There has been a spotlight on Wired Magazine's editorial direction after making a u-turn on its support for virtual world SecondLife. At the end of 2006 Wired was very much in love with the idea and published a significant travel guide in its magazine, but in just over half a year Wired changed its tune with an article called How Madison Avenue Is Wasting Millions on a Deserted Second Life.

There has been a spotlight on Wired Magazine’s editorial direction after making a u-turn on its support for virtual world SecondLife. At the end of 2006 Wired was very much in love with the idea and published a significant travel guide in its magazine, but in just over half a year Wired changed its tune with an article called How Madison Avenue Is Wasting Millions on a Deserted Second Life. On his blog, editor Chris Anderson explains:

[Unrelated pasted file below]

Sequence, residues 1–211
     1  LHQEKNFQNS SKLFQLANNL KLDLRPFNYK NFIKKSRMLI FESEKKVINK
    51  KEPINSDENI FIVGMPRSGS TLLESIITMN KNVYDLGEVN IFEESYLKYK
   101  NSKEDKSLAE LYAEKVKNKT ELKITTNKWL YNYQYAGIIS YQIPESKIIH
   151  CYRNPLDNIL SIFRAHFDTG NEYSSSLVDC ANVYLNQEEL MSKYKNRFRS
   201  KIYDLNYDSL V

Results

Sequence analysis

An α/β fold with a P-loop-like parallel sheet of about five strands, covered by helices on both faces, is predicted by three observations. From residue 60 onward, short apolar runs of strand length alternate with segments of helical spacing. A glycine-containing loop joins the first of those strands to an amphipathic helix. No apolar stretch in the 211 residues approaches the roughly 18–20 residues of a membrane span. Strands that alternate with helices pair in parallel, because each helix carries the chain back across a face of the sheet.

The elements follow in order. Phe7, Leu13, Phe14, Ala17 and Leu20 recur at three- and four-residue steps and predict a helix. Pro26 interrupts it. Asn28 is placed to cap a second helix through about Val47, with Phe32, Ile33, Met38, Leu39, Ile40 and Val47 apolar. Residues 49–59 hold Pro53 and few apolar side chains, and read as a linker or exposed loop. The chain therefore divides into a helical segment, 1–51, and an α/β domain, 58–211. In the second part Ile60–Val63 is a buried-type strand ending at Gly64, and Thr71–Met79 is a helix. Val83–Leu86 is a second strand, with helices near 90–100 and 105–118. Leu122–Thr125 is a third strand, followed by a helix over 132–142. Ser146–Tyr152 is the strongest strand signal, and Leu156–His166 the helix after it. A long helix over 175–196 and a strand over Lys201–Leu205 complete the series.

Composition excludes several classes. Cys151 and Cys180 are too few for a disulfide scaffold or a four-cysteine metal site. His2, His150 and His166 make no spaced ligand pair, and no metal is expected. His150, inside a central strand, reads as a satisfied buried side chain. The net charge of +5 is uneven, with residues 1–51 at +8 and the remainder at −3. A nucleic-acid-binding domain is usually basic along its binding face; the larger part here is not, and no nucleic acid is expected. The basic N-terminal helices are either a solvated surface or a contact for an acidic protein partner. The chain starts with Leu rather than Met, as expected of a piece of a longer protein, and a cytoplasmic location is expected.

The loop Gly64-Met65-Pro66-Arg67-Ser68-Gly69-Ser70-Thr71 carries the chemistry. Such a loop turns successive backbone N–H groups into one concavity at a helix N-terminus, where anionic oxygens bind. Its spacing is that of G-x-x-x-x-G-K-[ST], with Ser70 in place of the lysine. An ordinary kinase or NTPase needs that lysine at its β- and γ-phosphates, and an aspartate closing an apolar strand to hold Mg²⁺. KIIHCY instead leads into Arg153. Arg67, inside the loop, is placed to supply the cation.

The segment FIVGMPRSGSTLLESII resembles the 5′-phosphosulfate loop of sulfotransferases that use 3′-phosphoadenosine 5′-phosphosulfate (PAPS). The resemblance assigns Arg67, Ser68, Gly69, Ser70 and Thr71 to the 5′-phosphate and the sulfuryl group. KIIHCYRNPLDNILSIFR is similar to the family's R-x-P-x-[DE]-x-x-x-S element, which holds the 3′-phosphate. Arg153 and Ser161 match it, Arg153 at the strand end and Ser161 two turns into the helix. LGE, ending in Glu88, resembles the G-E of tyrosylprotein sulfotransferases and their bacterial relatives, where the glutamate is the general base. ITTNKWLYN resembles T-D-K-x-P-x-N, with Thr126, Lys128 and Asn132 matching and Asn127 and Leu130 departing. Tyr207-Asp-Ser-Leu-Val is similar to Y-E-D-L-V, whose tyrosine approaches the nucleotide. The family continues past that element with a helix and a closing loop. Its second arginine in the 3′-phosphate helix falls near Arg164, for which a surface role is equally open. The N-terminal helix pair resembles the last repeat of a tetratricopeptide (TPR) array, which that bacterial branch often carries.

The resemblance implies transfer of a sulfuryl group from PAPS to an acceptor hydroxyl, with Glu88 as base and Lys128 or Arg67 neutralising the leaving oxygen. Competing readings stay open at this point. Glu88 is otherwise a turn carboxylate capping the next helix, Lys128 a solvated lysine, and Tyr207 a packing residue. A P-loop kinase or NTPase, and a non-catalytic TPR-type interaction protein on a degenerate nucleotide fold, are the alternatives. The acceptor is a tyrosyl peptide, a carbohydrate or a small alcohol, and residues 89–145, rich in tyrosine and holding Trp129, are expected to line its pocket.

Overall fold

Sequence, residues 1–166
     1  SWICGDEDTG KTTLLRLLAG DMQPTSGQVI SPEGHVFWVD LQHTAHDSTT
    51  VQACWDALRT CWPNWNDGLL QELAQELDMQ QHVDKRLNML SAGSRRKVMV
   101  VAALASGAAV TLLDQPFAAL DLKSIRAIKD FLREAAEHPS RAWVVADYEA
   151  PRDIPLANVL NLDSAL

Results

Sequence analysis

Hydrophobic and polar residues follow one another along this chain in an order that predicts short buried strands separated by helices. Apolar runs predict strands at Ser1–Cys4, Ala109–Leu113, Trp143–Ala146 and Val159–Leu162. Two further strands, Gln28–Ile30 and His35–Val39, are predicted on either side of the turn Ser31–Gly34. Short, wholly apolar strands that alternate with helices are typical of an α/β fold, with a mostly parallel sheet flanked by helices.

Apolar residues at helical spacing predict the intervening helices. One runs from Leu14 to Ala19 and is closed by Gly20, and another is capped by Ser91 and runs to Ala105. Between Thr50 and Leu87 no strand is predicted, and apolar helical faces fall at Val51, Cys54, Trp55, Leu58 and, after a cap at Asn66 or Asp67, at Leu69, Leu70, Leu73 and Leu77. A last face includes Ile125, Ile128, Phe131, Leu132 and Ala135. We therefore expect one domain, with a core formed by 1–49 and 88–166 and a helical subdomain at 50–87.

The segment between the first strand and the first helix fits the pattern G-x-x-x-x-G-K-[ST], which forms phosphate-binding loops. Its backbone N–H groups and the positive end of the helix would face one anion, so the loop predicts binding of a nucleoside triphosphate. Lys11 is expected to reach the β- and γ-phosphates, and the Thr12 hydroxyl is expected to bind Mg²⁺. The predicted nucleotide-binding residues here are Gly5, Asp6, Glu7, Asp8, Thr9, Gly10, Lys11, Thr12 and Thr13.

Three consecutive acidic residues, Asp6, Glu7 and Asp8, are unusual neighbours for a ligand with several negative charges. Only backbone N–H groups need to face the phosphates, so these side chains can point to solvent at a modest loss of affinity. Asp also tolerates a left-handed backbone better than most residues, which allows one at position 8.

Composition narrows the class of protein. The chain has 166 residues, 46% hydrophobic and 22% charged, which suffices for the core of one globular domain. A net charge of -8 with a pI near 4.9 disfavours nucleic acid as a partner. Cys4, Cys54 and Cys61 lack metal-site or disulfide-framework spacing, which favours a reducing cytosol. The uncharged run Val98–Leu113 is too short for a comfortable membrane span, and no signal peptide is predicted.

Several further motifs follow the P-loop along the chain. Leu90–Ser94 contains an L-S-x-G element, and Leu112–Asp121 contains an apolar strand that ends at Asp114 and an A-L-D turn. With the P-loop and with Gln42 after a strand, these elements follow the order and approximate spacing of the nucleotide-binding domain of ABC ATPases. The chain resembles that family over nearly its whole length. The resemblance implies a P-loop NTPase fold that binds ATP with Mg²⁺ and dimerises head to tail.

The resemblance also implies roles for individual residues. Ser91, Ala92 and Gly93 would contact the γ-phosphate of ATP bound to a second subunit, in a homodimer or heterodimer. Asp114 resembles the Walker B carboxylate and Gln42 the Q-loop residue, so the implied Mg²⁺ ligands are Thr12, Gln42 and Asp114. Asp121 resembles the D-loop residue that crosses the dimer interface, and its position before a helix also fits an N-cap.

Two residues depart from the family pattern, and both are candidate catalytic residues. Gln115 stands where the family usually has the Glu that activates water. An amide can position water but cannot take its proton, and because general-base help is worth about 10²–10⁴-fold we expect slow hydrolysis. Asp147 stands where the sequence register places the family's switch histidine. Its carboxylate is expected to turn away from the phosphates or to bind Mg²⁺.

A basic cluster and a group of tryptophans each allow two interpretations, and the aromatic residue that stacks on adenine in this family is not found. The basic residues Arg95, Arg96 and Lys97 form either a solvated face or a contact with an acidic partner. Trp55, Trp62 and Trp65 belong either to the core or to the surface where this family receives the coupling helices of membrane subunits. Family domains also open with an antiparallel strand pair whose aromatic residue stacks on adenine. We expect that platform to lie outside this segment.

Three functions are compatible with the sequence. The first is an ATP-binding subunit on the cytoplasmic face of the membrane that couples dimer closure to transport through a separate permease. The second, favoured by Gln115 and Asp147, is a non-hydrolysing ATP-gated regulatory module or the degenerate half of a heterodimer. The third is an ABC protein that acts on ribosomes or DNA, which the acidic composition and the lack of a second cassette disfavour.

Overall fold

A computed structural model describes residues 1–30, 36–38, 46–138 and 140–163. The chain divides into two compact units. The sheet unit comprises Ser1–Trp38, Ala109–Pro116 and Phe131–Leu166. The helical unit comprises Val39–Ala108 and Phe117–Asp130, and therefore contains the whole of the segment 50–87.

Well, partly it was the whole “there’s nobody there” problem, which is of course just anecdotal. Like everyone else, I had fun exploring the concept and marveling at all the creativity. Then I got bored, and I started marveling at something else: all the empty corporate edifices. By day I’d speak at marketing conferences that usually had someone pitching SL services, complete with staged demonstrations (the “inhabitants” invariably paid employees). By night I’d go back to the same places, which had reverted to ghost towns once the demonstration was over. I couldn’t understand why companies kept throwing money at in-world presences. Were they seeing something I wasn’t?

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